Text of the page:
I guarded their bodies their souls now gone.
The flights home so very solemn
On the tarmac, I saluted the flagged draped coffins
Our comrades in arms now headed for home.
The war in Nam was now winding down.
Yet the world leaders still wore a frown.
The politicians just needed to settle a score.
They had not killed enough in this war
The communists must die our government agreed.
Then we would see if they would bend us a knee.
They called it a conflict I call it war.
I returned to my wife I returned to my child.
I returned to my family I returned from the war.
My life seemed changed for better or worse.
My mind seemed changed by the gore of this war.
I still can love maybe much more.
A human life means a whole lot more.
My heart has a scar that I now bear.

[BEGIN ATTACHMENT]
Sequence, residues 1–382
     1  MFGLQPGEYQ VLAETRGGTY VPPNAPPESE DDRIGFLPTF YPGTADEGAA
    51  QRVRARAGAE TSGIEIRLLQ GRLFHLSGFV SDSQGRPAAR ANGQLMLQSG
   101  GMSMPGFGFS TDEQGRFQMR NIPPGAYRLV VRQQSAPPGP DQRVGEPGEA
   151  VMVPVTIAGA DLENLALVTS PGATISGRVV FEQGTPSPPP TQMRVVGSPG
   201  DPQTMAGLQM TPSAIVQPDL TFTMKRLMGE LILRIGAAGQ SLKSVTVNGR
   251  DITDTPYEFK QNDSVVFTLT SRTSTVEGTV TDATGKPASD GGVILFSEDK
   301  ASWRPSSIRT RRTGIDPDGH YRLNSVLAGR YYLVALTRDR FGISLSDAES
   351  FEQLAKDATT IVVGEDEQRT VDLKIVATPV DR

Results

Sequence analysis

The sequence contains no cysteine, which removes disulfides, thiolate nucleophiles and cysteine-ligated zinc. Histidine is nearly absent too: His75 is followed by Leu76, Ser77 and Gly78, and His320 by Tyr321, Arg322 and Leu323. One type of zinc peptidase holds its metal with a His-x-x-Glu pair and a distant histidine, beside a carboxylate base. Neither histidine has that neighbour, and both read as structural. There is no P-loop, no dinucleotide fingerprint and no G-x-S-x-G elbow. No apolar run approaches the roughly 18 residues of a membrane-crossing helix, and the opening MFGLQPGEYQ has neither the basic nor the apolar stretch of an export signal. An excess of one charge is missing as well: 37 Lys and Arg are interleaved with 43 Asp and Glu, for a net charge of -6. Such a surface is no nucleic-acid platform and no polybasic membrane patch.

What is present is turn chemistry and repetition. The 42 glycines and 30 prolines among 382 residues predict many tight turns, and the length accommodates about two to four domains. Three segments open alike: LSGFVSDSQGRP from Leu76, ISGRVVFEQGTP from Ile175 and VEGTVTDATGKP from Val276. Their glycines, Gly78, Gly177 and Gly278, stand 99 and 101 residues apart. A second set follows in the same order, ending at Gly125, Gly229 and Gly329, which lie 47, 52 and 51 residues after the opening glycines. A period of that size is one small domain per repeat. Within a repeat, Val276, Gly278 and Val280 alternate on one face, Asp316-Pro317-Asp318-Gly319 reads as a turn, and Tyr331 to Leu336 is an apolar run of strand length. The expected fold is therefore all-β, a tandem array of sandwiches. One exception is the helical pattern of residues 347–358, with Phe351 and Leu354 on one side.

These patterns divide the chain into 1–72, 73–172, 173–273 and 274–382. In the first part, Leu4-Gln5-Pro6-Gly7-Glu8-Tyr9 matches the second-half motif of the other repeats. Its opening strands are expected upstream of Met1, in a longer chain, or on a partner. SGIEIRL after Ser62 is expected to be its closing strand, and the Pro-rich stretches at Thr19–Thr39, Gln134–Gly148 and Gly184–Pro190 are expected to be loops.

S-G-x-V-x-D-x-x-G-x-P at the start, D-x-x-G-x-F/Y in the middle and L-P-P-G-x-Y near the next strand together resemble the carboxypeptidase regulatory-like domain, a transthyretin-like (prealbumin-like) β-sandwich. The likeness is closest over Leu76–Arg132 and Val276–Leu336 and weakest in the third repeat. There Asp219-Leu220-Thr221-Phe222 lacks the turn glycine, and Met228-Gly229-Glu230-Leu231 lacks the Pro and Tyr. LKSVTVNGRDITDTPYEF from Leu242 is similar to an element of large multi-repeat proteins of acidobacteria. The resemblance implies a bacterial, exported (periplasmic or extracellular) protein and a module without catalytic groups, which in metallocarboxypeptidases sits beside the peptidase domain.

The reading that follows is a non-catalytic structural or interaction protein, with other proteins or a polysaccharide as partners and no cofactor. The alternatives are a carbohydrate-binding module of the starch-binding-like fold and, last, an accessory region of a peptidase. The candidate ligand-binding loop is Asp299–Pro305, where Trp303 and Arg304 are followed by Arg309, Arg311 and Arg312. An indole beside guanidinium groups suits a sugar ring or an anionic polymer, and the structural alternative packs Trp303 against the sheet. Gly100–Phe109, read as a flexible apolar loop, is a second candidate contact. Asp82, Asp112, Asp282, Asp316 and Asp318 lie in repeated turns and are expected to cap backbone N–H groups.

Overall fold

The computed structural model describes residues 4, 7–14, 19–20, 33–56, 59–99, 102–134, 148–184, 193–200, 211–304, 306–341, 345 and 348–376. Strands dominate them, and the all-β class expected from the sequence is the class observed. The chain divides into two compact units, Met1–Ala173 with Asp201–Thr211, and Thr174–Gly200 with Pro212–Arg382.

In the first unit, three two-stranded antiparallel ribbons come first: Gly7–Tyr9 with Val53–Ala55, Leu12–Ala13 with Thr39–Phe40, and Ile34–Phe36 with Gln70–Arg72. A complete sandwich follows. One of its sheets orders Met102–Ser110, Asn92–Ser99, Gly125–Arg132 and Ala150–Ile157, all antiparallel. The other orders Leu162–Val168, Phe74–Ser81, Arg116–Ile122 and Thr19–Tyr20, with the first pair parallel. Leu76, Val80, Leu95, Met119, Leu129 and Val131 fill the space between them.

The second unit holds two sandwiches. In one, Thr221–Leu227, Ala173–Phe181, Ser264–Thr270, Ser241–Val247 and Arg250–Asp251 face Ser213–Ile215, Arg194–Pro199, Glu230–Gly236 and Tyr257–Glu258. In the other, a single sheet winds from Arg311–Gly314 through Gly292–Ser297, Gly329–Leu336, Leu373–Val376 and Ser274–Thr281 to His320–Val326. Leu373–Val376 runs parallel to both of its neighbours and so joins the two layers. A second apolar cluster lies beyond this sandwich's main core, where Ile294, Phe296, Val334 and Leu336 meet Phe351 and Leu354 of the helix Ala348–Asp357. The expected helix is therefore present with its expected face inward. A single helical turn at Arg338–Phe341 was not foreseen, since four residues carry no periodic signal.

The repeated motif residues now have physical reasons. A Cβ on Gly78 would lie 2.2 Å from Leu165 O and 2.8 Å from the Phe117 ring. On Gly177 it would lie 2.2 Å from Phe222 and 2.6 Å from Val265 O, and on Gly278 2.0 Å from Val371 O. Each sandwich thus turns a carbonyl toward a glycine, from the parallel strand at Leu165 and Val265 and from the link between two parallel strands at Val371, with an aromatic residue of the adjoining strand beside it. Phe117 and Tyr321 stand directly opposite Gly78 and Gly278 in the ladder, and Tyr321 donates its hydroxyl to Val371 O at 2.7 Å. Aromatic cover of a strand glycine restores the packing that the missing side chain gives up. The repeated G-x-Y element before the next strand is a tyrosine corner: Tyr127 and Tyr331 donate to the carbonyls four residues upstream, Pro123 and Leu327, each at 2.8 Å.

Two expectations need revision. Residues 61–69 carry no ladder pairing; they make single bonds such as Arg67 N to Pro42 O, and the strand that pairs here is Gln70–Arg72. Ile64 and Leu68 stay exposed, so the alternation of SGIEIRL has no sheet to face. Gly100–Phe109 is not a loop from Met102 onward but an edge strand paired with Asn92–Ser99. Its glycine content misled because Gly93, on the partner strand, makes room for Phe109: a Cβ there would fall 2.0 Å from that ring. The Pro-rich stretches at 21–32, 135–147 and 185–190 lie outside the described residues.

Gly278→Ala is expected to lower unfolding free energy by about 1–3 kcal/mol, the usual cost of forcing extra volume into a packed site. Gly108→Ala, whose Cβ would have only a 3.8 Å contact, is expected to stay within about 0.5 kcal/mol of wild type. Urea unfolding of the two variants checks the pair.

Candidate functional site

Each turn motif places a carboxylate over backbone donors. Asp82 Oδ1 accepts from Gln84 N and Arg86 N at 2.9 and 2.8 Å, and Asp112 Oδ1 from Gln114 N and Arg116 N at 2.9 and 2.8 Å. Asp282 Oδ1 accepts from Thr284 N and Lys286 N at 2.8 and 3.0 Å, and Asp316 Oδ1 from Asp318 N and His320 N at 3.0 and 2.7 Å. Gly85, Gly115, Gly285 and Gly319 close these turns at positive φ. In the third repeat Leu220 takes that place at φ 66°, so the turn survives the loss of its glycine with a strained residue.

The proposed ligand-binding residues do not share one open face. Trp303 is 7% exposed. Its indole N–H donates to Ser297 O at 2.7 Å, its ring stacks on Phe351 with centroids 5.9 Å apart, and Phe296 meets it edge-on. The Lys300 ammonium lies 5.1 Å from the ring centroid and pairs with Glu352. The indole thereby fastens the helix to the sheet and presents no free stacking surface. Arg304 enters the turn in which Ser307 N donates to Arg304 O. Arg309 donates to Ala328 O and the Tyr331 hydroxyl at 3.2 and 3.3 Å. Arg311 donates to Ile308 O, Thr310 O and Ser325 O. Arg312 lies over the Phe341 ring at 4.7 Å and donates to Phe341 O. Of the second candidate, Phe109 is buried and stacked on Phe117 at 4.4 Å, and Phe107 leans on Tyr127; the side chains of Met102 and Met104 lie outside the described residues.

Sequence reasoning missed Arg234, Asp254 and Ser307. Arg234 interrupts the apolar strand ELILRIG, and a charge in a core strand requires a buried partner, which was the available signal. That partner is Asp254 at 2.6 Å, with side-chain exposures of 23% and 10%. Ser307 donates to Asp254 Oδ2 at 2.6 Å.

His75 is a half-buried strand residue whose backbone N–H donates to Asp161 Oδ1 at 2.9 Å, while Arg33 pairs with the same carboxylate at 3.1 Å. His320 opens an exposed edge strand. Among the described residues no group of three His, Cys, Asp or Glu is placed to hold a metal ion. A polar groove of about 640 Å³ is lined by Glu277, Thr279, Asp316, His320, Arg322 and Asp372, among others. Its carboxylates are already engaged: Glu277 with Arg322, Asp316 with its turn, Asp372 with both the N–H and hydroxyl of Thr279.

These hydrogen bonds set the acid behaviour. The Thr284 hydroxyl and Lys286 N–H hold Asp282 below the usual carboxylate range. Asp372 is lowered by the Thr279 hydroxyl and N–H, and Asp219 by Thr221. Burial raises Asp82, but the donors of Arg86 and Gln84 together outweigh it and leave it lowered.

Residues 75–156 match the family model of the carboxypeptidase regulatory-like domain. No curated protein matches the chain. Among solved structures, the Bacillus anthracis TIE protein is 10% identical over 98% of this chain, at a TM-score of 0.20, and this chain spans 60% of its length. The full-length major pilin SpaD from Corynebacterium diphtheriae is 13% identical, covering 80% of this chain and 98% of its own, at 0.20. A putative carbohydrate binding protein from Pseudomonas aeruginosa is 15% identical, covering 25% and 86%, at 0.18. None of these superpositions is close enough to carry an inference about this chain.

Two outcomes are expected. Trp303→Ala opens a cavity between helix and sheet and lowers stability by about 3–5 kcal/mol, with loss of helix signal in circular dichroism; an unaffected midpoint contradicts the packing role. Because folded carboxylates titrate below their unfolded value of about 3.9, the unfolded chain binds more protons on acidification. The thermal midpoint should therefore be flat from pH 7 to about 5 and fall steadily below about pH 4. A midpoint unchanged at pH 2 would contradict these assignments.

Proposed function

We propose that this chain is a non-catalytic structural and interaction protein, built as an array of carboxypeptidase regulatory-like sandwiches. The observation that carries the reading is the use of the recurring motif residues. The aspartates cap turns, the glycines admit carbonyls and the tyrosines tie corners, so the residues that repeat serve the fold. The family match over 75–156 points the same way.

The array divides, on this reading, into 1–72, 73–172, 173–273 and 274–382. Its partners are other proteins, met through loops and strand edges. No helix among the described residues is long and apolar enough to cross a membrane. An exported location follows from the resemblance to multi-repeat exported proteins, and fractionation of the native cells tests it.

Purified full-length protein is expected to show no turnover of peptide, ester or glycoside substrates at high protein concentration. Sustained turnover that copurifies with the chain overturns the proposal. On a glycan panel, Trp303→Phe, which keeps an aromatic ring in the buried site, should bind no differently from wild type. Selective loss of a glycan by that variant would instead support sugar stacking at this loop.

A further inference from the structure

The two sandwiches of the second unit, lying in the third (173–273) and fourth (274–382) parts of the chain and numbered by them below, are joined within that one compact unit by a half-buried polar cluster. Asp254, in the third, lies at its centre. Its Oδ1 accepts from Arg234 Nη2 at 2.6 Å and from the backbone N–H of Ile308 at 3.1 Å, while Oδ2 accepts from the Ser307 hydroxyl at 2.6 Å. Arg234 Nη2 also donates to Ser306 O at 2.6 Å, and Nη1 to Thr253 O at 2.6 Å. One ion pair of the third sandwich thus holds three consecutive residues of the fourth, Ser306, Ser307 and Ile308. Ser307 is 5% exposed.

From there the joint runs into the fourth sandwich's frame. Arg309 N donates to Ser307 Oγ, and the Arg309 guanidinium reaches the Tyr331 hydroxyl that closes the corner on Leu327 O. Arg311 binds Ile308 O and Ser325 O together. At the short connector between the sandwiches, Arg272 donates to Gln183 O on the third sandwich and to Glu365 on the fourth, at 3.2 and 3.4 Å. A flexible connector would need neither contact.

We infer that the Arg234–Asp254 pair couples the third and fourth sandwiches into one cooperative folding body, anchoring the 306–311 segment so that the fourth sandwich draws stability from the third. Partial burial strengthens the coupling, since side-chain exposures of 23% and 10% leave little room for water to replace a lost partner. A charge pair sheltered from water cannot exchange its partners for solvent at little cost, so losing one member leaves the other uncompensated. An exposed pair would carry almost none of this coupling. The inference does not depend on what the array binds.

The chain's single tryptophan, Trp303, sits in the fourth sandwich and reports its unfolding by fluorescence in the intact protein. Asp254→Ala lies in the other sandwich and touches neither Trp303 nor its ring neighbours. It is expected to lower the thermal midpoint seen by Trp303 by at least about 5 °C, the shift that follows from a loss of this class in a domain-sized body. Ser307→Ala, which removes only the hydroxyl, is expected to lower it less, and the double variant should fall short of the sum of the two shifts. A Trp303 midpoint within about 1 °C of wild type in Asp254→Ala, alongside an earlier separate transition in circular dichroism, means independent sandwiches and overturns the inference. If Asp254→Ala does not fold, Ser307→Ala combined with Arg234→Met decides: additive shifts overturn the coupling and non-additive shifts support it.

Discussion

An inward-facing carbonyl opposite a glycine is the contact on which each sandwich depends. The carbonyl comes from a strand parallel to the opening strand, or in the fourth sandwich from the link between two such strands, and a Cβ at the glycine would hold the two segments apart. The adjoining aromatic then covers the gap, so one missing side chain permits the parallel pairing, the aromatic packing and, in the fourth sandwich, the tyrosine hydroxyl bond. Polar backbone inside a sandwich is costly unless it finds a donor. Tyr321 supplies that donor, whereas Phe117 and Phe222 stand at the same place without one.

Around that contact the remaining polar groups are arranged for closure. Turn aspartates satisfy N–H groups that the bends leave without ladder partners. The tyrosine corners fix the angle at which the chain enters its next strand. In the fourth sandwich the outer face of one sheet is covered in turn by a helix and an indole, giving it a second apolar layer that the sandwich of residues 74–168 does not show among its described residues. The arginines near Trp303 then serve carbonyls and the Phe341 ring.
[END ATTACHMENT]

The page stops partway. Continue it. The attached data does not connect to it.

The scar first formed as I watched from the air.
As the napalm fell from a nearby planes open door.
How many died is anyone’s guess.
I think it was hundreds I tried hard not to care.
The tears I felt running I blamed on foul air.
My eyes have seen death yet it hides in my core.
Those memories now hidden my God only knows.
Now, as I grow older more wisely I love.
My wife shares her love but I share more.
I share her friendship that I might have lost in that war.
I now understand there might not have been more.
This life I now know will one-day end.
Our maker will stand at the door of his home
To me he will state:
Revenge is mine sayeth the Lord.
Others will do unto you as you have done unto them
I would hate to burn in that napalm gore.
As much as I love my wife as best friend,